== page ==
Physicians are legally free to use drugs approved by the FDA for one purpose for another purpose in the treatment of patients. In fact,some “off label” uses of FDA approved drugs represent the “standard of care” in the treatment of certain conditions.
On the other hand, pharmaceutical companies are banned under Sec. 331(a) and (k) of the Food, Drug and Cosmetic Act (“FDCA”) from advertising or otherwise promoting an off label use of a Drug approved under the FDA’s New Drug Approval process. In the case of United States v. Alfred Calonia, 576 F. Supp. 2d 385 (EDNY, 2008) Judge Vitaliano denied Mr. Calonia’s First Amendment motion to dismiss a criminal action against him for promoting the off label use of Xyrem, even though the judge determined that the off label use of the drug was not illegal and the representations of Mr. Calonia were neither false nor misleading. Now following Mr. Calonia’s conviction, the Pharmaceutical industry is mounting a full scale charge on the FDA ban, pushing for the Supreme Court to take the case to determine the constitutionality of those provisions of the FDCA.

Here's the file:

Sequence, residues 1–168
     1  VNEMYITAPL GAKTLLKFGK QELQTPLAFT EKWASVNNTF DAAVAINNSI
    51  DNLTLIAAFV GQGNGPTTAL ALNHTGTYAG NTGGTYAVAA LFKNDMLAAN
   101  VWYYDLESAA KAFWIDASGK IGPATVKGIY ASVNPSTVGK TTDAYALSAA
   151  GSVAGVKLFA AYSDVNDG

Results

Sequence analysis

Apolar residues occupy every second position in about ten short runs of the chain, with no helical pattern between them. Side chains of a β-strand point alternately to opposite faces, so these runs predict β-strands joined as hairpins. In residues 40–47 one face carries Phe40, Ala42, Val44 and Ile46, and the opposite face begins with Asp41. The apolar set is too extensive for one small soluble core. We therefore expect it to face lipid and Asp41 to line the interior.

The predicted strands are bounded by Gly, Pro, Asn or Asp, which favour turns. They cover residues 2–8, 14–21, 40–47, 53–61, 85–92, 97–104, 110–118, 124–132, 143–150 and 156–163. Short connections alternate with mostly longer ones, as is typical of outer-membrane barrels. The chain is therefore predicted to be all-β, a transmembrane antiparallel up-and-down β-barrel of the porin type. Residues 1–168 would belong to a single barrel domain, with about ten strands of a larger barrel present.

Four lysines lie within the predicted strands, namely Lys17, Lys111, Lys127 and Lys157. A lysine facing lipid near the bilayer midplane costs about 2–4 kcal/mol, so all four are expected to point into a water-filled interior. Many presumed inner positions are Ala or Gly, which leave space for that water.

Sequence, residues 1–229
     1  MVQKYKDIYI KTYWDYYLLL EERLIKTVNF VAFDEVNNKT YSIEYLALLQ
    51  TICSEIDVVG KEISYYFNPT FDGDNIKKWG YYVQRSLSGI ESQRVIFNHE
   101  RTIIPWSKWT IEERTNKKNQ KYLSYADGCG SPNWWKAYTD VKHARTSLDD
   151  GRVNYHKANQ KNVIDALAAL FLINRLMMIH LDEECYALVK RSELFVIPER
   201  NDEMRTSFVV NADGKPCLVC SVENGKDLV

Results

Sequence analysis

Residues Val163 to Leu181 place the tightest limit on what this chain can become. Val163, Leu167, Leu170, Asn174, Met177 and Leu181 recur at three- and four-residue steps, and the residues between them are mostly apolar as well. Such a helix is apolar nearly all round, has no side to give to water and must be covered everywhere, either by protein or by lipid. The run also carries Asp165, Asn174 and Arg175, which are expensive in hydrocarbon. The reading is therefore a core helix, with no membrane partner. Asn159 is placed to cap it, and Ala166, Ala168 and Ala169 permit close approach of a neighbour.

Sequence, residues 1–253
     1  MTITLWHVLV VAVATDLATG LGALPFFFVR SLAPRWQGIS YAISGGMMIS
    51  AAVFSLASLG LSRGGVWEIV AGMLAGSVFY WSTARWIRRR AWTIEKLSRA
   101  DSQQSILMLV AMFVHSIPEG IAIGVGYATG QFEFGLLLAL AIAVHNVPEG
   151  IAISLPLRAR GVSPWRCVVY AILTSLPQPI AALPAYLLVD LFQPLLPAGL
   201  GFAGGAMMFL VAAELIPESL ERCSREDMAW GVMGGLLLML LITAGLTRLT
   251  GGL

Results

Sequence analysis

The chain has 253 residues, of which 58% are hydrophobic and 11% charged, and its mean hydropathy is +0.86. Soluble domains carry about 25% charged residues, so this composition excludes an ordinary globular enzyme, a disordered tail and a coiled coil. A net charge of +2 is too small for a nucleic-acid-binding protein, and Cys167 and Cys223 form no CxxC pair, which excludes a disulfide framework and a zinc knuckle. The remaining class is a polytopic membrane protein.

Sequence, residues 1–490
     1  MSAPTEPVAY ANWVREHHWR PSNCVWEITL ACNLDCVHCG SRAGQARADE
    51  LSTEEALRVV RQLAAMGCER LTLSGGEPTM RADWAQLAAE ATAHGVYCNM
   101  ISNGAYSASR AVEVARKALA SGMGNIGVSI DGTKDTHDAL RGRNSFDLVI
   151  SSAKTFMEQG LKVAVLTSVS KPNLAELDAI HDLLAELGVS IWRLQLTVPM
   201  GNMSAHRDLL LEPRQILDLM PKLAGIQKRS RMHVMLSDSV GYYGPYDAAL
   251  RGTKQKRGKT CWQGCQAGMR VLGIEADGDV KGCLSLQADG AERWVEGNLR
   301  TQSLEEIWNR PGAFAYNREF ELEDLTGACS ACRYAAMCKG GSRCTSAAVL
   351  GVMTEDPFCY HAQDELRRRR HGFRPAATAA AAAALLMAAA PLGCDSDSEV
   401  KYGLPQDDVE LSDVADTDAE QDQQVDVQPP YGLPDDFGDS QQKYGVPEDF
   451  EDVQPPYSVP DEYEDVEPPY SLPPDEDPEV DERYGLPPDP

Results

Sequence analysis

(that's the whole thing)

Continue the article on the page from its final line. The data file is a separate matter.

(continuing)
The Current constellation of the Supreme Court has been vigorous in its application of the First Amendment to business and election financing issues and it appears that the Calonia case is ripe for a review. A direct concern is Judge Vitaliano’s application of the Supreme Court’s Commercial Speech guidance in Central Hudson Gas v. Public Service Commission of New York, 447 U.S. 557 (1980). Commercial speech, under established precedents, is of a lesser vitality than other speech and under certain circumstances can be constrained when faced with a greater competing government interest that is narrowly drawn. Here the issue is whether the speech promotes unlawful activity or its content is misleading (it does and is not);whether the government has an interest in protecting the public (it does); whether the restriction advances the government interest (it does); and finally, whether the restriction is closely tailored to use less intrusive means to accomplish the ends (???????).
The Supreme Court in Central Hudson, reminded us to be “specially skeptical of regulations that seek to keep people in the dark for their own good.” Congress and the FDA may have to go back to the drawing board on this one.